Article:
By James Ward, PA
Updated at 13:40
Hundreds of homeowners from several counties converged on Parnell Square in Dublin just before midday on Friday for the latest protest in support of a 100 per cent redress scheme for mica-damaged properties.
As The Irish Times reports, the crowd arrived at the Garden of Remembrance to voice their support for a Government commitment to fix thousands of homes, mainly in the north-west, crumbling from the use of defective building blocks.
Families gathered quietly in circles before the protest began circling its way through the capital.
In one corner stood Patricia Hennessy, a nurse from Inch Island in Co Donegal who set out on her three and a half hour journey from the northern extremity of the country just as her night shift ended.
With a massive crack in the gable wall of her home and several others around the four bed dormer she bought in 2006, she is waiting for things to get worse, but conscious other people are also in a precarious situation.
— Paddy Diver (@PaddyDiver4) October 8, 2021
“I have the cracks, but they haven’t separated yet,” she said. “We don’t know how quickly it changes from cracks to separation.”
As the crowds grew, there were sporadic cheers and honking of horns as more coaches with protesters, drove slowly into the square.
Dozens of buses carried people from Donegal, Mayo, Limerick, Claire, Leitrim and Sligo to the capital to march.
Homes falling apart
Paddy Diver, one of the organisers of the demonstration, said: “We protest because our families are living in homes that are falling apart.
“We protest because we are being left with the financial, mental and physical burden of a crisis that was not our making.
“Homes are falling apart because they were made with blocks with latent defects.”
Writing on Twitter, he added: “Government regulations allowed them to self-certify the product.
“BOTH manufacturer and Government are at fault here. The thousands left with the devastation these blocks leave behind ARE NOT TO BLAME.”
Campaigners want a scheme to help families whose homes have been destroyed or damaged by mica, a mineral that can absorb water, due to building blocks cracking and crumbling.
The Government has faced criticism for only offering 90 per cent under the current scheme, leaving property owners with significant bills to repair or rebuild homes.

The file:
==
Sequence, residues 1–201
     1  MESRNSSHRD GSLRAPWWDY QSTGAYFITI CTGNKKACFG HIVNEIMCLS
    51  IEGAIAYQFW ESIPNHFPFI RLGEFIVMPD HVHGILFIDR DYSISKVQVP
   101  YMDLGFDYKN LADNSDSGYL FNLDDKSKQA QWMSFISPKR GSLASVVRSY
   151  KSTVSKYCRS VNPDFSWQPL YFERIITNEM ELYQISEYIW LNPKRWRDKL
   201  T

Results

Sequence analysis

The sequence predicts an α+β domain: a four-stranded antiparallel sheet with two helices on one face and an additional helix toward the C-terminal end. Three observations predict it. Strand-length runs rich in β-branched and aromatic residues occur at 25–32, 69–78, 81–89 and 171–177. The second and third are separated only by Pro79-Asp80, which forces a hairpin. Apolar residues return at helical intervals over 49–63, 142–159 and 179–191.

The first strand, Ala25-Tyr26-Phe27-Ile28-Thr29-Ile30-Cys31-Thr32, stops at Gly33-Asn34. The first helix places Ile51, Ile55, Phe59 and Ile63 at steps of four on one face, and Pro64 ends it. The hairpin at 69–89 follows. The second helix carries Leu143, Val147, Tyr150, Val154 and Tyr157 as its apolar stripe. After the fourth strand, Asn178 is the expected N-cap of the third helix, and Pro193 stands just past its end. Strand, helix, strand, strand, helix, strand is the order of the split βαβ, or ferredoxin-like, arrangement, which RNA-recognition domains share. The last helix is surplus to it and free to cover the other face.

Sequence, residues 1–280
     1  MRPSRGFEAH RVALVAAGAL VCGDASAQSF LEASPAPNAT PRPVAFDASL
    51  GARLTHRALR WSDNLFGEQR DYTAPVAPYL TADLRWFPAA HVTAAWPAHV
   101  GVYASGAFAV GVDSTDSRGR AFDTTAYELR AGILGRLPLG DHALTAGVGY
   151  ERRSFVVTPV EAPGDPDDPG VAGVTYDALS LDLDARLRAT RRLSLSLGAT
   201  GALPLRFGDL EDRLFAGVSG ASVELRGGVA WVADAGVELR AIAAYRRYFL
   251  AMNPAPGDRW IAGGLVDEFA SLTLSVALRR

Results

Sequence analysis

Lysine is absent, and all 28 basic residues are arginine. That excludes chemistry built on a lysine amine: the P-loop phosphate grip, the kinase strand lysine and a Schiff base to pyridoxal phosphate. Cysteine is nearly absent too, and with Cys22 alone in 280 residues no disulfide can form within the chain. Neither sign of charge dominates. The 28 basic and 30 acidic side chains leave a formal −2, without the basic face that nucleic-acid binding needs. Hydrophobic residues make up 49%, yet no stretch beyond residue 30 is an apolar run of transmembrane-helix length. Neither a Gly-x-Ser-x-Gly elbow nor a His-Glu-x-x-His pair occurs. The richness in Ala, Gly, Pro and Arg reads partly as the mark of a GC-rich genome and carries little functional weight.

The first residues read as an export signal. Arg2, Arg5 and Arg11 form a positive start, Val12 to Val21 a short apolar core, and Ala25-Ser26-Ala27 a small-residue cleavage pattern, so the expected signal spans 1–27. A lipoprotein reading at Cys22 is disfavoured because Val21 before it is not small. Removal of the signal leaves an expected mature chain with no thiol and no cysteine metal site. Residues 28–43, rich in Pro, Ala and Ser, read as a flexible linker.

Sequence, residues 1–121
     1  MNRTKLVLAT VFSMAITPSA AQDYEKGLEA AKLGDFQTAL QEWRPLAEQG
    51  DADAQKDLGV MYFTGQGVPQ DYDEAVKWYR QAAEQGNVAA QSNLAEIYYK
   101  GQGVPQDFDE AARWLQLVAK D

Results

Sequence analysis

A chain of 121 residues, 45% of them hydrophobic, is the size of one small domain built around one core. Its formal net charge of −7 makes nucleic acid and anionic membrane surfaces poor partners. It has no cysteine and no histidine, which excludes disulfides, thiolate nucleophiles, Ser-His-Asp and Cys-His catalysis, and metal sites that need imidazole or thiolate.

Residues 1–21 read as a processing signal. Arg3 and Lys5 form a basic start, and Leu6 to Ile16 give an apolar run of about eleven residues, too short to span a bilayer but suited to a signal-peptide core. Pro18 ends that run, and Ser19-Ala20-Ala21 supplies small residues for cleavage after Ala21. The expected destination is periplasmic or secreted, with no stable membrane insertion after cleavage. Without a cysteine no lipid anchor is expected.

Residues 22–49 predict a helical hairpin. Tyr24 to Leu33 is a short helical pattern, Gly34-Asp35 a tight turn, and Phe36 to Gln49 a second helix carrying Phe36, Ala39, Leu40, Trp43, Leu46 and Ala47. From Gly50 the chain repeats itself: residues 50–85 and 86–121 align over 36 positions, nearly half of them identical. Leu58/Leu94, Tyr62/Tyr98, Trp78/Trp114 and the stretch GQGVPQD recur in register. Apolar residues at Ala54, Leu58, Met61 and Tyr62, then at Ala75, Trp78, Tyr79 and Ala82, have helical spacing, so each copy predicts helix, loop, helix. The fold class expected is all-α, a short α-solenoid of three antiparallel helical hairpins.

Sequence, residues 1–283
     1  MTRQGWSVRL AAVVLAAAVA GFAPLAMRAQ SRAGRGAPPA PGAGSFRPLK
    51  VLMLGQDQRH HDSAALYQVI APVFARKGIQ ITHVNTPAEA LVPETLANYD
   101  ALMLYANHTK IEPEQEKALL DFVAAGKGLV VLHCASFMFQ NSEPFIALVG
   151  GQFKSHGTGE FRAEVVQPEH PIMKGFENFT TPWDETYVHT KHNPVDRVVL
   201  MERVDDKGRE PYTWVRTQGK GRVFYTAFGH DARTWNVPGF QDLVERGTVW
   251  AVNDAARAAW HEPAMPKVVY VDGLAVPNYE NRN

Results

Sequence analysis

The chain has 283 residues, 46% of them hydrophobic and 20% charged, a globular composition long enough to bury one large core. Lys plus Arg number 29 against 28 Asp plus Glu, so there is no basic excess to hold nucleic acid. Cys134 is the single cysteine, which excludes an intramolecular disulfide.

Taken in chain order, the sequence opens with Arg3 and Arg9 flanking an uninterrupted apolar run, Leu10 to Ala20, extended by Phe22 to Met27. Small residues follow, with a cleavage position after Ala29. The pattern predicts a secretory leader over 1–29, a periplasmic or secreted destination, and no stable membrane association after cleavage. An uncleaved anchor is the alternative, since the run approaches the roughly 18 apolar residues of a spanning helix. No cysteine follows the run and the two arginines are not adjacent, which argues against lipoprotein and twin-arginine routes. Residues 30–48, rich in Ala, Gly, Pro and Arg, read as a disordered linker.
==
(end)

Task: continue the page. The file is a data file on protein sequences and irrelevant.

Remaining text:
Campaigners have blamed a lack of building regulations and oversight of materials.
An estimated 5,000 homes in Co Donegal are affected by defective bricks, with thousands more understood to be in Counties Sligo, Clare and Limerick.
A report found that the cost of a full compensation scheme could reach €3.2 billion.
Earlier this week, Minister for Housing Darragh O’Brien said Friday’s protest should be the last time mica-affected home-owners feel they need to demonstrate.
He told the Dáil on Wednesday that he will bring a proposal to Government in the coming weeks on a revised compensation scheme.
A draft report, compiled by a working group set up by Mr O’Brien, did not recommend 100 per cent redress, as demanded by campaigners.
The Minister said he understood the “tragedy” that affected home-owners face.
“We’re committed to enhancing this scheme and progress has been made on it,” he said. “I’m not going to delay.
“We have some work to do and we’re doing that work right now.
“The next step is I will be bringing proposals and working through options to the three party leaders and indeed to my Cabinet colleagues, and the Government will then make a decision in due course.
“I respect the right of people to protest and I always have.
“I did say [to home-owners] that my work would not be completed by October 8th. They realised that and accepted that and we had a good and open discussion around it.”
The minister said he is working with Attorney General Paul Gallagher to see how far the Government can legally pursue anyone responsible for building homes with defective materials.
“I’m looking at all options,” Mr O’Brien said.
“Those who are responsible should be held accountable.”